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About Omaha daily bee. (Omaha [Neb.]) 187?-1922 | View Entire Issue (March 3, 1920)
THE BEE: OMAHA. WEDNESDAY, MARCH 3. 1920.
Remarried Couple Resolve
To Live Happily In Future
After having been divorced for
several year Mri. Ethel Garner
and Hunter Garner were remarried
at the study of Rev. Charles W.
Savtdge yesterday afterpoon. Mr.
and Mrs. Garner were married for
nine years before being divorced and
have a son 14 years old and a daugh
ter IS years old.
"We have come to wiser conclu
sions," they told Rev. Mr. Savidge
yesterday, "and we are going to be
h.vry in the future."
Garner is a cook.
Reduces Price of Goal
City Commissioner Butler yester
day announced that he has reduced
the price of municipal cal from $9
to $8.50 per ton. This is Colorado
coal and orders ma" be placed at
Mr. Butler's office in the city hall.
TO "THRESH OUT"
MATERIAL TO BE
USED IN PAVING
Representatives of Chamber
Of Commerce, Auto Club,
Rotary Club and Real Es
tate Board to Meet.
makes a distinct appeal to dis
criminating motorists folks
who want' exclusiveness and
See it at the
Standard Motor Car
, Carl Changstrom, Pres.
2020 Farnam Street
II - - - I
Representatives of the Chamber of
Commerce, Automobile club, Rotary
club, Real Estate board and other
organizations will meet with the
county commissioners and paving
contractors at 10:30 riext Saturday
morning in the court house to
"thresh out" the subject of material
to be used in paving Douglas county
This meeting was arranged fol
lowing a session of the executive
committee of the Chamber of Com
merce yesterday at which W. B.
Cheek, president of the Automobile
club, and other members of a com
mittee which has been pushing
county paving were present.
Fight Against Bitulithic.
This committee is fightirig against
12 miles of "bithulithic" paving
awarded by the county commission
ers last Tuesday to the Allied Con
tractors, Inc., in spite of the fact
that the commissioners, prior to the
bond election last June, agreed over
their signatures to use the $3,000,000
which the people then voted for
brick paving exclusively.
some or the committee believe
that the bitulithic cpntract may be
annulled by mutual agreement be
tween the countv commissioners
and the Allied Contractors, Inc.
Others hold that action in the courts
can be taken on the representation
that the people voted the $3,000,000
bonds with the distinct understand
ing that the money was to be used
for brick paving exclusively.
Carried By Small Majority.
It is pointed out that the bonds
carried by a small majority. The
total vote cast was 7,932. A major
ity of 60 per cent was required to
carrv the bonds. Ihis was 4.76U.
The total vpte in favor of the bonds
was 5,763, or only 1,003 votes more
John W. Towle. president of the
Allied Contractors, (Inc.,) comment-
in on an editorial in The Bee of
last Sunday, which declared he could
clear away legal complications and
perform a public service by forego
ing the bithultic contract, said is
"I wouldn't want to say whether
or not i would be willing to do that.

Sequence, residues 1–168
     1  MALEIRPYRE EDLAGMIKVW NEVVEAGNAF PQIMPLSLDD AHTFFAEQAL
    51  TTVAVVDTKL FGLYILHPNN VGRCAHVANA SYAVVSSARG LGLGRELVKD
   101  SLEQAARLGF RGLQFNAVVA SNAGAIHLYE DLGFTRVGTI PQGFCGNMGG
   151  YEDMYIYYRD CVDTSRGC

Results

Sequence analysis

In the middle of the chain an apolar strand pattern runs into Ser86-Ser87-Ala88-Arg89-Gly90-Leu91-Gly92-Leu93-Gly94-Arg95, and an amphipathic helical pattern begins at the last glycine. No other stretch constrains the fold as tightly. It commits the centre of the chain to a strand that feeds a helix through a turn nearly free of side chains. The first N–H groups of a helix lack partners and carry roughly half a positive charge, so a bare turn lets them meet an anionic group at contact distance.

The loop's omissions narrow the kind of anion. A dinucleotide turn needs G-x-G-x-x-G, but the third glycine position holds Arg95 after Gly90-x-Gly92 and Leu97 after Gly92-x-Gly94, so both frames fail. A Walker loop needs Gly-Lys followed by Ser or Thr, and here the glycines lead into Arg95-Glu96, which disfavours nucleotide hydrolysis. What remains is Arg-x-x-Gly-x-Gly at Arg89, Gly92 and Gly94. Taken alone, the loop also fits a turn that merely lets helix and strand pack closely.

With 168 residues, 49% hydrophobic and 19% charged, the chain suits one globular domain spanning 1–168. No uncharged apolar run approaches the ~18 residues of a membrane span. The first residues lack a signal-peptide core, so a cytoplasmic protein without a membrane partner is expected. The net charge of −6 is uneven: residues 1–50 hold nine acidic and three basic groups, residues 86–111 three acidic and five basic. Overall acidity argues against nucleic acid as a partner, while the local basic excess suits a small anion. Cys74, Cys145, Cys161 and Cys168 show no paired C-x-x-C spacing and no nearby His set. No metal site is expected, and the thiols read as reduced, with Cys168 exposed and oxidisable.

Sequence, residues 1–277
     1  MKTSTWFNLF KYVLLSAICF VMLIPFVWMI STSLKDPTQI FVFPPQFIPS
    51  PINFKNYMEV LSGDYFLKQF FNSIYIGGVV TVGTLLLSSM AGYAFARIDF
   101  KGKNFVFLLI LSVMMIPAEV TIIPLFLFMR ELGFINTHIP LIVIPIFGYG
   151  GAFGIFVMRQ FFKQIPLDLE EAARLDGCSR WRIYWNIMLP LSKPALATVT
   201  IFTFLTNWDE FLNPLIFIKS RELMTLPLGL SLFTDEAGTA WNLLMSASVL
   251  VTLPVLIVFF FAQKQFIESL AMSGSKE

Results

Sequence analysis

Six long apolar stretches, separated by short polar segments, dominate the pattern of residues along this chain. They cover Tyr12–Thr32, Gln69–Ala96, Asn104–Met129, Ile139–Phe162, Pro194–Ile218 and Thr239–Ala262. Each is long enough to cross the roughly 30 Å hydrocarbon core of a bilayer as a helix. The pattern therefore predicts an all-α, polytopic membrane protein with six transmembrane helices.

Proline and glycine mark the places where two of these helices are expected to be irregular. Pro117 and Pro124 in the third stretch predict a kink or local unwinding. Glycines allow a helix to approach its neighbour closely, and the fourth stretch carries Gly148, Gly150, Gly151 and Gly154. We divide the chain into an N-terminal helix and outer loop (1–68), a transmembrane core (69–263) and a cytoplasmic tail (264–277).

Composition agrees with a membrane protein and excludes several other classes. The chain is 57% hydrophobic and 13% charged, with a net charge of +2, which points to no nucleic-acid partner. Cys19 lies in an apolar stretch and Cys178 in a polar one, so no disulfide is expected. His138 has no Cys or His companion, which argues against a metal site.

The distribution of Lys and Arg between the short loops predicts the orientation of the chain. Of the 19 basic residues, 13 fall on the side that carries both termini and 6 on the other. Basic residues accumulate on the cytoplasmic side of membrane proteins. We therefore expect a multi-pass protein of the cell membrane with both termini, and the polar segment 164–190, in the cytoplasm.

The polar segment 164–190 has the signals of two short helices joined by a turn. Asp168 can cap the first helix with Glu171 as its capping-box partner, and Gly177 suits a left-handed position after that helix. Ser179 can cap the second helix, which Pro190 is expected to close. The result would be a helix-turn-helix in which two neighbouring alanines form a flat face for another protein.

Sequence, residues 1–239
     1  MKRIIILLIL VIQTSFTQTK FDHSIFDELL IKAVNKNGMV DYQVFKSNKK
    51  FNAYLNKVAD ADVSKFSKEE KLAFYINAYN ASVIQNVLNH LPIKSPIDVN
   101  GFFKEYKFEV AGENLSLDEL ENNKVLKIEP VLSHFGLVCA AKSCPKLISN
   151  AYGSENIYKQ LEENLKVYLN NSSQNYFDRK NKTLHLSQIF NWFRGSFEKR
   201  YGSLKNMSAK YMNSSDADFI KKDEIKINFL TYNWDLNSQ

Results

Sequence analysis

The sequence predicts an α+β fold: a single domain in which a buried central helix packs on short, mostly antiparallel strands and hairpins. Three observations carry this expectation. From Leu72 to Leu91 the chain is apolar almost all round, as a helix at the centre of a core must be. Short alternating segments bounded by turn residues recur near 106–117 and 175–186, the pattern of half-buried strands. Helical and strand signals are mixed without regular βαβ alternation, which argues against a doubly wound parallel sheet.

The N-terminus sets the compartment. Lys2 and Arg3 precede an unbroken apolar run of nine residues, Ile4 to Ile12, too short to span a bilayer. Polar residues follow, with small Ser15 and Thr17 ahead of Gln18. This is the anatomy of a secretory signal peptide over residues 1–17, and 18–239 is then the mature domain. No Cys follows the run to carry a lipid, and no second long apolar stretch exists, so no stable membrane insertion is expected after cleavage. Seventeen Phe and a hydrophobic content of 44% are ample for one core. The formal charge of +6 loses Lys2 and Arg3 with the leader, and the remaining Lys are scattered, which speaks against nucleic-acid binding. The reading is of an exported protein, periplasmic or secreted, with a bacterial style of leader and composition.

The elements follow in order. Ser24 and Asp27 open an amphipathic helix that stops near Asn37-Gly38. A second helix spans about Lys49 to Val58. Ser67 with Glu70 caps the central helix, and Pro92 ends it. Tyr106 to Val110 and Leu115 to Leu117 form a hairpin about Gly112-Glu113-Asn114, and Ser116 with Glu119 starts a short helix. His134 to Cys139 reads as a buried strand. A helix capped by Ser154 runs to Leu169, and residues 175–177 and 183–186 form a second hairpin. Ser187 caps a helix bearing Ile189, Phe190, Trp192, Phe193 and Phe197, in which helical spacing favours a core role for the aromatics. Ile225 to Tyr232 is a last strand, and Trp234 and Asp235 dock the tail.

because I might injure others. This
whole thing, as I look at it, is stirred
up by the brick men."
Contradicts Brick Men.
"The brick men say everything
was fixed beforehand and that they
didn't have a chance," he was told.
"That is not true, so far as I
know," he replied. "If it was, why
didn't they come up there to the
meeting and give their side of the
controversy? It was an open meet
ing. They could have stood up and
refuted the statements that we can t
get brick in Douglas county this
year to pave more than five miles.
"I wouldn't seek to lay bitulithic
paving if I believed it would not
give good service. My reputation
and that of my company is wortn
too much to me to do anything like
"Many Favor Bitulithic."
"Don't overlook the fact that there
are a lot of people who are in favor
of bitulithic paving. Mr. Lionbcr
ger, a member or the committee,
gave me to undcstand that he thinks
it all right. Randall Brown told
me he thought it was good paving.
It will cost the county $10,000 a mile
less than brick.
"I hope the committees will get
this fixed up one way or the other.
If they tie things up, we may not
get any paving of any kind this
Meanwhile' the county commis
sioners are hoping that things will
calm down. County Commissioner
Neble has issued a statement that
he voted for bitulithic because it
costs less. In spite of the promise
of the county commissioners that
brick paving would be, laid
exclusively he says the commission
ers should lay cheaper paving-in or
der to secure larger mileage,
City Sells Lots Originally
Bought for Police Station
The city council yesterday-accepted
the bid of A. P. Tukey, in the sum
of $26,750, for two lots at the north,
east corner of Fifteenth and Davetw
port streets, a site originally intend
ed by the city for occupancy of the
new police station.
HERE'S THE SECRET
OF FACIAL BEAUTY
No Matter How Disfigured
With Pimples, Blotches,
Blackheads or Muddiness
The Use of Stuart's Cal
cium Wafers Works
Vm K acti-nichH tn see the
wonderful change that so often
takes place in just a few days after
using Stuart's Calcium Wafers.
Pimples, blotches,' liver spots,
blackheads muddy complexion and
skin eruptions affect the skin be
cause it is one of the natural out
lets of the body to rid itself of im
purities. If you supply it with the
proper materials it will' convert